Victoria's Secret owner plans store closures in U.S., Canada
In this April 4, 2018, file photo, shoppers walk past the Victoria's Secret store on Broadway in the Soho neighborhood of New York. (AP Photo/Mary Altaffer, File)
Published Thursday, February 28, 2019 10:32AM EST
Dozens of Victoria’s Secret stores, including some in Canada, are being earmarked for closure as owner L Brands looks to shore up poor financial performance at the lingerie chain.
The announcement came amid the release of L Brands’ fourth-quarter results, which showed that adjusted operating income at Victoria’s Secret’s North American operations fell by 35 per cent in the quarter and was down by 45 per cent for the 2018 fiscal year as expenses rose while sales remained flat.
“We are closing more stores … based on the overall performance of the Victoria’s Secret business not meeting our expectations,” L Brands chief financial officer Stuart Burgdoerfer told analysts Thursday, adding that the company typically averages about 15 store closures per year.
Closure activity doubled that rate in 2018, with the company shuttering 29 Victoria’s Secret stores in the U.S. and one Canadian location of its Pink brand, which targets teenagers and young women.
Even more closures are planned for this year, with L Brands saying that 53 of their North American stores are expected to shut their doors this year. That number includes 50 Victoria’s Secret locations in the U.S. and three in Canada.
The company has not publicly identified which specific stores will be closed. Burgdoerfer said closure decisions are made based on factors including current and projected performance, cash flow and local market factors.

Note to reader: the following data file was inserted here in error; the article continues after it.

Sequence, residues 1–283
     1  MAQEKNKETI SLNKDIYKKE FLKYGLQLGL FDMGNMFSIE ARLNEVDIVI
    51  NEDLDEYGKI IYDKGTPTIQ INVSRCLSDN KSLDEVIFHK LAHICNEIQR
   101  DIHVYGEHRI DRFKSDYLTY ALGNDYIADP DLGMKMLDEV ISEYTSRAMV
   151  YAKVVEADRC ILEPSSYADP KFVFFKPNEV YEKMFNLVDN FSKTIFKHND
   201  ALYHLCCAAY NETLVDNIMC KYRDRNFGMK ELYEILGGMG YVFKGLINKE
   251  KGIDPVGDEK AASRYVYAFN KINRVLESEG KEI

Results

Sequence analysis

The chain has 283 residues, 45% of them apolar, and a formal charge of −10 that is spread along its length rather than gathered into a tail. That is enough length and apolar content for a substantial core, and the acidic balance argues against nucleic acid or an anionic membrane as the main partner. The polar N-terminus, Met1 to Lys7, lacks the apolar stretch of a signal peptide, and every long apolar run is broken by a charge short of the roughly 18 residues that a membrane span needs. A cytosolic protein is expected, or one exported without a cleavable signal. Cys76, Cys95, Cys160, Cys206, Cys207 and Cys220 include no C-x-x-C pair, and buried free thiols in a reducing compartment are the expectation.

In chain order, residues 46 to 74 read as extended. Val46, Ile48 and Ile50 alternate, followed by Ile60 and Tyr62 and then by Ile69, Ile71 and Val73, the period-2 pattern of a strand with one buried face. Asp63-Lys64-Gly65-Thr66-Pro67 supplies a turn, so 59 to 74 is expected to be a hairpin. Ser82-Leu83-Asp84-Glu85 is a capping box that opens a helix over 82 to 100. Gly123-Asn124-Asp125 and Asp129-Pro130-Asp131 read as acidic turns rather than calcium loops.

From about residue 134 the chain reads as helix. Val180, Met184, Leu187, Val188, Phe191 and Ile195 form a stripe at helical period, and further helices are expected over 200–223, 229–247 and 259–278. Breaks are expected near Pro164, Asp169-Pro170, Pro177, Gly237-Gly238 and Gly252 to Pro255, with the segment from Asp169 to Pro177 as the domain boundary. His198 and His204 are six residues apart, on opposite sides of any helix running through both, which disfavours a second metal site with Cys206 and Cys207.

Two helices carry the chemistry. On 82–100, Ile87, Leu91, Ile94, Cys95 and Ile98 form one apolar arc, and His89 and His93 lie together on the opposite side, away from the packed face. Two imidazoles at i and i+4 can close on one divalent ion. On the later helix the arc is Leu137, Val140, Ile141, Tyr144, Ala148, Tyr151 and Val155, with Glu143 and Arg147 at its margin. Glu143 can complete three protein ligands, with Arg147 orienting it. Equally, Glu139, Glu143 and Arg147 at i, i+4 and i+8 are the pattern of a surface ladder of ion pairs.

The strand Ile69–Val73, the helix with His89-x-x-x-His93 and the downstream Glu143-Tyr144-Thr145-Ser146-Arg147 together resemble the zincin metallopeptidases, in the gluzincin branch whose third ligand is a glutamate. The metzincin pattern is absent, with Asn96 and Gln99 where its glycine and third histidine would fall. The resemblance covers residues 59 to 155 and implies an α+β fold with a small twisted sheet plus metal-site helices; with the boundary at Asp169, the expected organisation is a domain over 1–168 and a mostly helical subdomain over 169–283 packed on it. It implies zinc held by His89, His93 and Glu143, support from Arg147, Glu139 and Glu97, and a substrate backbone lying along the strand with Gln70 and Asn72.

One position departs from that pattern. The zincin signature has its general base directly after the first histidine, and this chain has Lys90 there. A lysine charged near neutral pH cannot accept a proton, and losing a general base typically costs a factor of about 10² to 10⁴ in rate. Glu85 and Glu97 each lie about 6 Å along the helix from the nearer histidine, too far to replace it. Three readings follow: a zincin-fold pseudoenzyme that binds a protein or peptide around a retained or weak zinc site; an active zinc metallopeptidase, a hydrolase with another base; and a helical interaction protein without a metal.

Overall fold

In addition to the increase in closures, L Brands says it has “substantially pulled back on capital investment” at Victoria’s Secret stores.
“We have not met our own expectations for overall performance, and we are intently focused on improving results,” Burgdoerfer said.
La Senza, which had been owned by L Brands until it was sold to private equity firm Regent last month, closed one Canadian store over the past year to leave it with 118 locations in the country.
Declines in L Brands’ intimate apparel business were partially offset by a 12 per cent sales increase at Bath & Body Works, which represents the largest portion of the company’s portfolio. Burgdoerfer credited the strong performance in part to White Barn candles into some new and existing stores.
The company closed one Bath & Body Works in Canada in 2018 while opening another, and expects to open one more in Canada this year. This would leave the chain with a total of 103 stores in the country.
L Brands’ overall results for its fourth quarter, which includes the Christmas holiday period, were virtually flat as compared to one year earlier. Net sales were up by one per cent, at $4.85 billion, and net income decreased by one per cent to $595 million.
The results beat the company’s own forecasts for the quarter, which it had revised downward midway through 2018.
Burgdoerfer said the company expects the store closures and other factors, including recent leadership changes and an upcoming website relaunch, to improve the performance of the company’s lingerie brands in the coming year. He said Victoria’s Secret will place a “dominant focus on the customer and on the merchandise” as it attempts to turn around its business.
“The most important thing, in our view, is the merchandise,” he said.
“If the merchandise is special, unique, reflects fashion, has newness … there are terrific opportunities.”
Wall Street reaction to the earnings announcement appeared negative Thursday, with shares in L Brands trading eight per cent lower at 10:30 a.m. than Wednesday's closing level.